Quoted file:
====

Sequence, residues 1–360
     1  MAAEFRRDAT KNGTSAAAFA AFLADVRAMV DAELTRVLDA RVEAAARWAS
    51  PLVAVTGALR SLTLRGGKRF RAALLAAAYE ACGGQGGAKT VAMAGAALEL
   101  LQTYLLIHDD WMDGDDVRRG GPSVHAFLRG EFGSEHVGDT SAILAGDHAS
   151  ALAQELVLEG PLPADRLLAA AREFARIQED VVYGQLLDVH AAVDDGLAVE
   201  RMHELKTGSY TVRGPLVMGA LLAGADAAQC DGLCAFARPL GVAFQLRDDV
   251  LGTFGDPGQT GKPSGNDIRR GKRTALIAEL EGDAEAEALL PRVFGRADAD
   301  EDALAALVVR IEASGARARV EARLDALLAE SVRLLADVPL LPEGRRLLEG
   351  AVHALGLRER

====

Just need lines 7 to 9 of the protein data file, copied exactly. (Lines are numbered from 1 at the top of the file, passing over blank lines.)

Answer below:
   251  LGTFGDPGQT GKPSGNDIRR GKRTALIAEL EGDAEAEALL PRVFGRADAD
   301  EDALAALVVR IEASGARARV EARLDALLAE SVRLLADVPL LPEGRRLLEG
   351  AVHALGLRER